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Power harvesting from human serum in buckypaper-based enzymatic biofuel cell

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Article number4
<mark>Journal publication date</mark>16/02/2016
<mark>Journal</mark>Frontiers in Energy Research
Publication StatusPublished
<mark>Original language</mark>English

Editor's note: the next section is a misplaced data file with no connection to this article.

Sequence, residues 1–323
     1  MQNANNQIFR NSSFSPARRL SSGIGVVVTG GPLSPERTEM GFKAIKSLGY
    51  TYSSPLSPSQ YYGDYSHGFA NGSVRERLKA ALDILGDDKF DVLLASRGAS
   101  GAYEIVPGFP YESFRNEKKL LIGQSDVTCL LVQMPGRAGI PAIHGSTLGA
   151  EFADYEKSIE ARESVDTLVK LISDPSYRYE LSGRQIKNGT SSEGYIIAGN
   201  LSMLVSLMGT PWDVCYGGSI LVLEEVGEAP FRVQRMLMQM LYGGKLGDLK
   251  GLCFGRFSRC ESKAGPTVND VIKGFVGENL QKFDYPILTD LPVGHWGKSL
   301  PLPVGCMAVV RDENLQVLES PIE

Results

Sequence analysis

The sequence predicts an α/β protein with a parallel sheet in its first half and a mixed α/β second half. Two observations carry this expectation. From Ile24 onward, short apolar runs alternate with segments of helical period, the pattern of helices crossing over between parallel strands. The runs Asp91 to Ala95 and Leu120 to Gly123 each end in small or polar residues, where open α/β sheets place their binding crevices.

The requirement for a miniature, high density, long life, and rechargeable power source is common to a vast majority of microsystems, including the implantable devices for medical applications. A model biofuel cell system operating in human serum has been studied for future applications of biomedical and implantable medical devices. Anodic and cathodic electrodes were made of carbon nanotube-buckypaper modified with PQQ-dependent glucose dehydrogenase and laccase, respectively. Modified electrodes were characterized electrochemically and assembled in a biofuel cell setup. Power density of 16.12 μW cm -2 was achieved in human serum for lower than physiological glucose concentrations. Increasing the glucose concentration and biofuel cell temperature caused an increase in power output leading up to 49.16 μW cm -2 .